Carrying weapons

Carrying weapons

The law says you can’t carry, possess or use a weapon to hurt people or to defend yourself. 

If the police believe you are illegally carrying a weapon, they can search you and your car without a warrant. If they find a weapon they can take it from you.

Weapons offences can be very serious. Get legal advice.

Guns

You can’t own or buy a gun until you turn 18. You must register the gun and have a licence for it. This includes a replica gun. There are strict rules for anyone wanting to own or carry a gun.

Some people are not allowed to get a licence or to carry, own or possess guns or other prohibited weapons. This includes anyone who has an intervention order against them or a person who has been to jail or is serving a community corrections order.

If you are aged between 12 and 17 you can get a licence for using a gun from the police, but only for learning how to use a gun or for sport. You will only get a licence if:

  • your parent or guardian agrees in writing
  • you are a member of an approved shooting club
  • you have done a firearms safety course
  • you are a responsible person.

If you get the licence, you can only use a gun with a person over 18 who has a shooter’s licence.

Anyone can use an airgun or air rifle in a shooting gallery at a show or amusement centre.

Other weapons

You can’t carry knives, including kitchen knives, Swiss army knives or box-cutters, batons, cattle prods or bayonets without a lawful excuse. 

A 'lawful excuse' could include having the weapon for work, sport, recreation or a weapons collection, display or exhibition. Lawful excuse does not include self-defence.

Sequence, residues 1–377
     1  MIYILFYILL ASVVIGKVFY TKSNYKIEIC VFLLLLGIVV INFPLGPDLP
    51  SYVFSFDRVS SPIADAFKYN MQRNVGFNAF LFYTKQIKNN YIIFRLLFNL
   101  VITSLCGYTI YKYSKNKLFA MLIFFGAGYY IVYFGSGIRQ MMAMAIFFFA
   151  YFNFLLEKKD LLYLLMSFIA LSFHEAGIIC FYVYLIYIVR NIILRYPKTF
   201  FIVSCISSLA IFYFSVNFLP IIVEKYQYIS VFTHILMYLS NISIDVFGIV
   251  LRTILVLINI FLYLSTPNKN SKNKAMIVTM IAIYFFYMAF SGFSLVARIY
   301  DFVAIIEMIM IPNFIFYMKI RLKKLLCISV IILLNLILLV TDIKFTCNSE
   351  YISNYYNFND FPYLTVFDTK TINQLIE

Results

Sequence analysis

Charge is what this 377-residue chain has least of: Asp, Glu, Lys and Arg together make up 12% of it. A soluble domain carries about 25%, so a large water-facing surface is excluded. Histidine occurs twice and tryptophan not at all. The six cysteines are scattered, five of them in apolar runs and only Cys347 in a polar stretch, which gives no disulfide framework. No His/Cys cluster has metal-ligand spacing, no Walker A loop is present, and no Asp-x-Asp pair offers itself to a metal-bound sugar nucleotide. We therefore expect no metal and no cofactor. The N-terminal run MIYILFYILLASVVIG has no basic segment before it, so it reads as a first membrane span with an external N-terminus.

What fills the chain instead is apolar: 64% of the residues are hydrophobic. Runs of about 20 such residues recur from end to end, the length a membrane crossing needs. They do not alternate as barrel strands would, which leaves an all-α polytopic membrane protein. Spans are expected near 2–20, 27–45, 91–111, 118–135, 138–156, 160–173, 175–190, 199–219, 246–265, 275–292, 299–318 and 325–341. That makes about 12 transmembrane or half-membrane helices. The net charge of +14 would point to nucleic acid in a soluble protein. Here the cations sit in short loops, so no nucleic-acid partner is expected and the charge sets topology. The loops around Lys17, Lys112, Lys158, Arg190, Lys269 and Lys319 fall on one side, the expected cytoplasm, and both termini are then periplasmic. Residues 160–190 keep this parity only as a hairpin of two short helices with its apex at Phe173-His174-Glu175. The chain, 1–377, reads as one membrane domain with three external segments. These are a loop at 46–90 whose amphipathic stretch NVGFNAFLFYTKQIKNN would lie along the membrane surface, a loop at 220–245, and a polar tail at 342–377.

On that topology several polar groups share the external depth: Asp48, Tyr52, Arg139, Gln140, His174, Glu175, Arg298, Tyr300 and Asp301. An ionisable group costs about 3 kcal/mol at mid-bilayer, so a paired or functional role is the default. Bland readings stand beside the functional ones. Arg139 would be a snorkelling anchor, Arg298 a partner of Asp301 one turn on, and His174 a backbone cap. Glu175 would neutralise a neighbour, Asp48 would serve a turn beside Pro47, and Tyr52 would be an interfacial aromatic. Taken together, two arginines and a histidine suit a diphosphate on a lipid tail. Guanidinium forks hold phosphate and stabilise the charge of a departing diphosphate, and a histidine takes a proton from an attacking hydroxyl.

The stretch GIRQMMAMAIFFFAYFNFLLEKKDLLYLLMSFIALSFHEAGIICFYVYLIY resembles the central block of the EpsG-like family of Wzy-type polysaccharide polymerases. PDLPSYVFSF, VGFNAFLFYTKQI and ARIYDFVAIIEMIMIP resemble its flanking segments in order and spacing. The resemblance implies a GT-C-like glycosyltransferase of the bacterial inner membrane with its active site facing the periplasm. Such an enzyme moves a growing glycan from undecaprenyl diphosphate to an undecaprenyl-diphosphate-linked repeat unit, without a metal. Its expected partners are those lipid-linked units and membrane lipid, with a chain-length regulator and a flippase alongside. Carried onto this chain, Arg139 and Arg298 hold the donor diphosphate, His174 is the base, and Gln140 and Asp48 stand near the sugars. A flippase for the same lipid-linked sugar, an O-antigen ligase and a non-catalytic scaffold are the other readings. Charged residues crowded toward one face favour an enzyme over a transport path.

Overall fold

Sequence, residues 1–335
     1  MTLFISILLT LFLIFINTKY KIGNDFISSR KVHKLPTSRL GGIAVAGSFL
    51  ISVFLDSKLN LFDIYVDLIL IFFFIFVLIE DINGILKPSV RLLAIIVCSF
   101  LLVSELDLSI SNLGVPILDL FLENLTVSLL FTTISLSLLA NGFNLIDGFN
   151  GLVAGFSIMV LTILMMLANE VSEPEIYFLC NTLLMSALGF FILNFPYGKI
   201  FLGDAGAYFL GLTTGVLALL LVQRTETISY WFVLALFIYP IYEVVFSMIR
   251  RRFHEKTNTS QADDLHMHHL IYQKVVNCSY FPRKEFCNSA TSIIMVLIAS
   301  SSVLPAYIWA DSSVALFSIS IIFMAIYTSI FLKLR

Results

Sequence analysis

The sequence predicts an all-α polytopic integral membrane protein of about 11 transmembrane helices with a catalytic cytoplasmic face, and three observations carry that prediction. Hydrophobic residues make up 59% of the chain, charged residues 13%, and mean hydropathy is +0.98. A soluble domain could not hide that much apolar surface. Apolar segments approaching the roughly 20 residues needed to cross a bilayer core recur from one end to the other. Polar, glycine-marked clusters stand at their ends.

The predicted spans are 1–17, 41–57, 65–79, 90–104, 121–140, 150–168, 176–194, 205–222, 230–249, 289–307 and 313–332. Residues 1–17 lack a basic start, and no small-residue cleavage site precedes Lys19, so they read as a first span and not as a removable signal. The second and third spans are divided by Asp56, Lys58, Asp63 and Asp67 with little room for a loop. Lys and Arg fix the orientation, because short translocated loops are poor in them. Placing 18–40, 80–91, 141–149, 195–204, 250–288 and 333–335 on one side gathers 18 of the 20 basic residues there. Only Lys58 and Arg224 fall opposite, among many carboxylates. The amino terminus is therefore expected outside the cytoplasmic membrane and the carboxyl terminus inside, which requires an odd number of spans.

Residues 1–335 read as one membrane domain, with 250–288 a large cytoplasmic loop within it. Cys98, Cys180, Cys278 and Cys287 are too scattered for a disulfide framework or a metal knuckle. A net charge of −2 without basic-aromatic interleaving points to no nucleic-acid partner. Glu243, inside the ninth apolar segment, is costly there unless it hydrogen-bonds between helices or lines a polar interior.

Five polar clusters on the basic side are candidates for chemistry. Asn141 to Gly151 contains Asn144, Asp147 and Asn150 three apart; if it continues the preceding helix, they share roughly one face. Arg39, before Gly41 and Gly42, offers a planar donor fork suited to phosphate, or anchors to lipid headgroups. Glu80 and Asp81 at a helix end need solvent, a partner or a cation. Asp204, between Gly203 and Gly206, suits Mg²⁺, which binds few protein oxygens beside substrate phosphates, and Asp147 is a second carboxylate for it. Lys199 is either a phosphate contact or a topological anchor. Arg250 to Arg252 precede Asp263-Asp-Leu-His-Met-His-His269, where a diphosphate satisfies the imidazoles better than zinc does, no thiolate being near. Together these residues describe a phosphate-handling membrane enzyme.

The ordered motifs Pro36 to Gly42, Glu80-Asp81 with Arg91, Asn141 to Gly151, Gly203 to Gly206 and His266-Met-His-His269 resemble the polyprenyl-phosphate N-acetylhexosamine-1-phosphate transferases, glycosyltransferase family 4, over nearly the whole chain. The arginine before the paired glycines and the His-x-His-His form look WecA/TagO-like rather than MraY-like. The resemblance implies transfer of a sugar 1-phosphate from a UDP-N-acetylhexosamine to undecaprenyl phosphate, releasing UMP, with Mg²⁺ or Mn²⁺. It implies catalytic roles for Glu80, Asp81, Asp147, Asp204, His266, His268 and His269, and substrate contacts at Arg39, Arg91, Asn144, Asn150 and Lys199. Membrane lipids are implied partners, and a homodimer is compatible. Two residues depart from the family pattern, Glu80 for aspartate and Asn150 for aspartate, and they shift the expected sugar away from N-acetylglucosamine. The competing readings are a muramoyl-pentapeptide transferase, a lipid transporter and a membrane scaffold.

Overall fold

You can only possess or carry some weapons if you do so safely.

You also can’t carry weapons like ​flick knives, daggers, butterfly knives or knuckle knives, swords, nunchakus, knuckle-dusters, shanghais, blow guns, imitation firearms, capsicum spray, slingshots, weighted or studded gloves, throwing stars or catapults without a special exemption or permission from police. 

Dangerous articles

You can’t carry or possess an object that has been adapted for use as a weapon, unless you have a lawful excuse. It is also an offence to carry an article with the intention of using it as a weapon.

Dangerous articles can include:

  • an axe
  • a cricket bat
  • a hammer.

In the case of dangerous articles ‘lawful excuse’ can include having the weapon for work, for sport, for a weapons collection, display or exhibition, but not self-defence.

Police powers to search for weapons

Police can search you, your bag or your car for weapons without a warrant if they reasonably suspect you are carrying a weapon illegally.

Just being in an area where there is a lot of violent crime can be enough reason for police to search you without a warrant.

Police can also search you if you are in a place police declare to be a special ‘designated area’ for weapons searches. Police usually tell people that the public area has become a designated area by publishing it in the local newspaper

If you are in a ‘designated area’, police do not need a reason to suspect you are carrying weapons to search you. However, they must show you a search notice before they search you.

If police have the power to search you without a warrant and you resist, you may be charged with a criminal offence.

See Getting searched for more information. 

Get help

Find out how you can get help with criminal offences.